Underscoring the importance of accessibility and inclusion as part of the hiring and employment process, Jenny Lay-Flurrie, chief accessibility officer at Microsoft, was recently invited to testify before the U.S. Senate Committee on Health, Education, Labor & Pensions.
Titled “Lessons Learned from COVID-19: Highlighting Innovations, Maximizing Inclusive Practices and Overcoming Barriers to Employment for People with Disabilities,” the hearing also featured Dr. Lisa Schur, a professor of Labor Studies and Employment Relations at Rutgers University; Francis A. Kineavy, a disability advocate; and Brian Dennis, a Disability Services Workforce Program coordinator for Iowa Workforce Development.
In her address, Lay-Flurrie discussed key action areas related to disability employment, and outlined the current challenges facing people with disabilities in the job market. However, as might be expected for a Microsoft executive, some of the most insightful parts of her testimony dealt with the opportunities around accessible technology—during which she highlighted a number of current tools and features already in use at Microsoft. These included InclusionHub Founding Partner Be My Eyes, a free mobile app the company uses to support blind and low-vision customers through its dedicated Disability Answer Desk.
- Accessible Technology Use Cases
In total, Lay-Flurrie’s testimony outlined the following seven key use cases for accessible technology:
1. Improving Content Accessibility
2. Making Accessibility Features Easy to Find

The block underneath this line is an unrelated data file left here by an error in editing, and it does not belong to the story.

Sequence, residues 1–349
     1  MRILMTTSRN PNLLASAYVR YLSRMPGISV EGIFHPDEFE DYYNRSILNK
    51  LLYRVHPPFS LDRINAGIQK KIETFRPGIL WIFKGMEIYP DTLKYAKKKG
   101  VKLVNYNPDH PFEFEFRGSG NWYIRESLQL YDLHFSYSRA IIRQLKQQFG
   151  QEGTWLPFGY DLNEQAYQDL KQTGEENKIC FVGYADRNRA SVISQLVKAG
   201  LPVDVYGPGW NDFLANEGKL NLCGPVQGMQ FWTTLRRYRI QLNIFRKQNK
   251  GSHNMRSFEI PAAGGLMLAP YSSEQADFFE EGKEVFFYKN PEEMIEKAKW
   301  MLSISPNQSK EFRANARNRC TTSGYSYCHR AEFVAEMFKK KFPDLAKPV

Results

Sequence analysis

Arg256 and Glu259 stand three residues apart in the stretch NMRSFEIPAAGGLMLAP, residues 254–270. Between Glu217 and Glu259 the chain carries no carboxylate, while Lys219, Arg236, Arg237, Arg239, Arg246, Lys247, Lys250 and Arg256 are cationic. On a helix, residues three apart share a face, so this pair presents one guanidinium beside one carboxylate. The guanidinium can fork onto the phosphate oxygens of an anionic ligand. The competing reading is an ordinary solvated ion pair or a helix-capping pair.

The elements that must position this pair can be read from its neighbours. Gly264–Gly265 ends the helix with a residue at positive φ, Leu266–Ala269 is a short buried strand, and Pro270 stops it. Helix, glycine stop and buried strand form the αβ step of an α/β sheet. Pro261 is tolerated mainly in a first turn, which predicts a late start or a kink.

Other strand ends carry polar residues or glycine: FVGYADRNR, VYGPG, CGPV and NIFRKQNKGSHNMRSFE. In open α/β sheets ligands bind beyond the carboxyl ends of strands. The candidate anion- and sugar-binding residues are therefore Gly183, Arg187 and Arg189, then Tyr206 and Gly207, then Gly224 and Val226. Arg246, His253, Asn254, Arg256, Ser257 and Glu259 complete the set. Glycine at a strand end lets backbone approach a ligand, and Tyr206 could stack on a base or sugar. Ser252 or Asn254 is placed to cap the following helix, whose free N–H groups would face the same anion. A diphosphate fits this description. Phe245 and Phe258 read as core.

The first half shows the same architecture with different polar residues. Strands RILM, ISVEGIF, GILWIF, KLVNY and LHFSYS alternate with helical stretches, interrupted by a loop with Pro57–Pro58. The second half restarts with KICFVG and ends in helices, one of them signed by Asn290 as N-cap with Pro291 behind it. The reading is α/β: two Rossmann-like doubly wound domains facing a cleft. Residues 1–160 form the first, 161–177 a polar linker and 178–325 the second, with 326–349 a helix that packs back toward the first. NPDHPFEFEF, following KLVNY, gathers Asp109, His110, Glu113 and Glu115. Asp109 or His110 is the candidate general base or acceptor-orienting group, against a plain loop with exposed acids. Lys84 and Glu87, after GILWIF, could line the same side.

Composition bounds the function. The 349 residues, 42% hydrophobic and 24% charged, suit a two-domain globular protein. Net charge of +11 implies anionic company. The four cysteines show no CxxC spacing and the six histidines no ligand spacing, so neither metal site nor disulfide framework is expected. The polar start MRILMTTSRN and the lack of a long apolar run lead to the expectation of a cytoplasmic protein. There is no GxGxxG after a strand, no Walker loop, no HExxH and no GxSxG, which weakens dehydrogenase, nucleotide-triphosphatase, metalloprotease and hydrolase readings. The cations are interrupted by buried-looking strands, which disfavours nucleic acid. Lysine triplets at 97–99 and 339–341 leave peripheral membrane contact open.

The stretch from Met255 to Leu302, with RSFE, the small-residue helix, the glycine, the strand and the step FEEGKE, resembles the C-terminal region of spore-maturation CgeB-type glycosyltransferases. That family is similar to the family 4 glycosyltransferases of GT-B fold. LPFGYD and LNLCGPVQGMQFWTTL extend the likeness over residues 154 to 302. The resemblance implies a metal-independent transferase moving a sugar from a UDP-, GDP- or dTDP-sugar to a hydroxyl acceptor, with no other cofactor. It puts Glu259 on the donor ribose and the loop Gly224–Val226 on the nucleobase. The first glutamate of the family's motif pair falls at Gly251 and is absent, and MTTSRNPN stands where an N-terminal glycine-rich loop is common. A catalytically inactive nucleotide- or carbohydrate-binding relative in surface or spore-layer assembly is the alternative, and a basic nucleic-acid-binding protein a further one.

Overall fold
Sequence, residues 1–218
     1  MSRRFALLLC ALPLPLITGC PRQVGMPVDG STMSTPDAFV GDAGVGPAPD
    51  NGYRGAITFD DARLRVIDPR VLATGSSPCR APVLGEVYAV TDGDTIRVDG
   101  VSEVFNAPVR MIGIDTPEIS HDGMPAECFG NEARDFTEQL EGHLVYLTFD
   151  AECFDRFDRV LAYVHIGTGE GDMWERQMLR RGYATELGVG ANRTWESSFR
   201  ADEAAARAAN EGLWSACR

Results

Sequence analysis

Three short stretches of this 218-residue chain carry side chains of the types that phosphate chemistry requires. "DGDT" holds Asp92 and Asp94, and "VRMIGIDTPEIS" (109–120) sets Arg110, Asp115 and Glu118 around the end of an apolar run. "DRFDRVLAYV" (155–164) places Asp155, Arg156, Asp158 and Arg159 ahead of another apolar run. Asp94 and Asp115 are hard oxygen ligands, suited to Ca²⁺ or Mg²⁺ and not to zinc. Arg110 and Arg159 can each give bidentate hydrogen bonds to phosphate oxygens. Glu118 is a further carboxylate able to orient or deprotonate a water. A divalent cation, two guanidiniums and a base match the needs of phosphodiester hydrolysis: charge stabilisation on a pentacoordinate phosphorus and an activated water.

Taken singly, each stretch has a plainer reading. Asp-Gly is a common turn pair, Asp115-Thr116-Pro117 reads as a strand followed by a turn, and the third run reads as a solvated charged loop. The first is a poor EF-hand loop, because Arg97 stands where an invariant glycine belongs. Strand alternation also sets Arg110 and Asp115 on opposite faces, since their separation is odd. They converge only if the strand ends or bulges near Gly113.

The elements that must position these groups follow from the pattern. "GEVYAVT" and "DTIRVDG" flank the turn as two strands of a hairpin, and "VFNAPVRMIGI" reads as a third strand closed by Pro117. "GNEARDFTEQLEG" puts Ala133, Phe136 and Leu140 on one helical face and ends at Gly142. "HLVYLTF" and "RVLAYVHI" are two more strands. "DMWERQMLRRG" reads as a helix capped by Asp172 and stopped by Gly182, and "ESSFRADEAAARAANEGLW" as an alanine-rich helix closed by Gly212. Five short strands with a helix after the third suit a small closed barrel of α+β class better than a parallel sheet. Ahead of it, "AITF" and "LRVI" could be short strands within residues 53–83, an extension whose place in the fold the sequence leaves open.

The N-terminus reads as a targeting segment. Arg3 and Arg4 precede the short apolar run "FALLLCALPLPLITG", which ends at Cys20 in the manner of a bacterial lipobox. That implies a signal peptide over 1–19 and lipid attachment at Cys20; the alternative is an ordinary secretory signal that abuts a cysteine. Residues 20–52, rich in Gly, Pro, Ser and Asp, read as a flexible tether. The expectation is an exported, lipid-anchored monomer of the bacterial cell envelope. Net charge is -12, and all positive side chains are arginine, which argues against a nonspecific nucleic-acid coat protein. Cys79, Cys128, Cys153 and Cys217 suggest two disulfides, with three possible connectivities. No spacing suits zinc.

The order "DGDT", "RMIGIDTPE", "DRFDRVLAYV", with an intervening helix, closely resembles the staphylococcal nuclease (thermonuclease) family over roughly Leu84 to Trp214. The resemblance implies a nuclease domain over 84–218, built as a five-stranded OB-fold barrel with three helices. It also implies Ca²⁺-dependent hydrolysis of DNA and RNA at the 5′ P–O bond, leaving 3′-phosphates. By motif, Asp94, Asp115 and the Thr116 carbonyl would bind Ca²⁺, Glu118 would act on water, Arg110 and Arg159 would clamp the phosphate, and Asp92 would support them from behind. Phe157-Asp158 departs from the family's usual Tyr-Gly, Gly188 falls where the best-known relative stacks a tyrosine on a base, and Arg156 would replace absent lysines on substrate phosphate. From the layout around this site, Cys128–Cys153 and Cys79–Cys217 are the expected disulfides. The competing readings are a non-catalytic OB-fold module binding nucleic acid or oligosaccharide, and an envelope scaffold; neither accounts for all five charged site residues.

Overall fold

3. Improving Remote Meeting Tools
4. Expanding & Improving Legibility Options
5. Creating & Improving Tools to Help Developers Identify & Mitigate Accessibility Issues
6. Improving Awareness of Issues, Features & Etiquette Related to Accessibility & Disability
7. Providing Support When & How People Need It (The Key Use Case for Be My Eyes)
Lay-Flurrie also highlighted the need for addressing accessibility issues at scale, noting that individuals with disabilities are twice as likely to be unemployed as those without—a gap that persists even among college graduates.
“I’m so glad to see these issues and potential solutions being highlighted in the Senate,” said Joe Weber, manager of Accessibility Solutions at Be My Eyes. “Around 70% of blind and low-vision people around the world are unemployed, which is a key challenge that we set out to solve with our app. Microsoft was one of the earliest adopters of our help desk solution, and we couldn’t be more proud to be part of their accessibility toolset.”
Full video of the hearing can be found here. (Lay-Flurrie’s testimony begins at 39 minutes, while she also participates in a Q&A session beginning at the 55-minute mark.)
Lay-Flurrie’s full written testimony—in which she mentions Be My Eyes—can be found on Microsoft’s blog.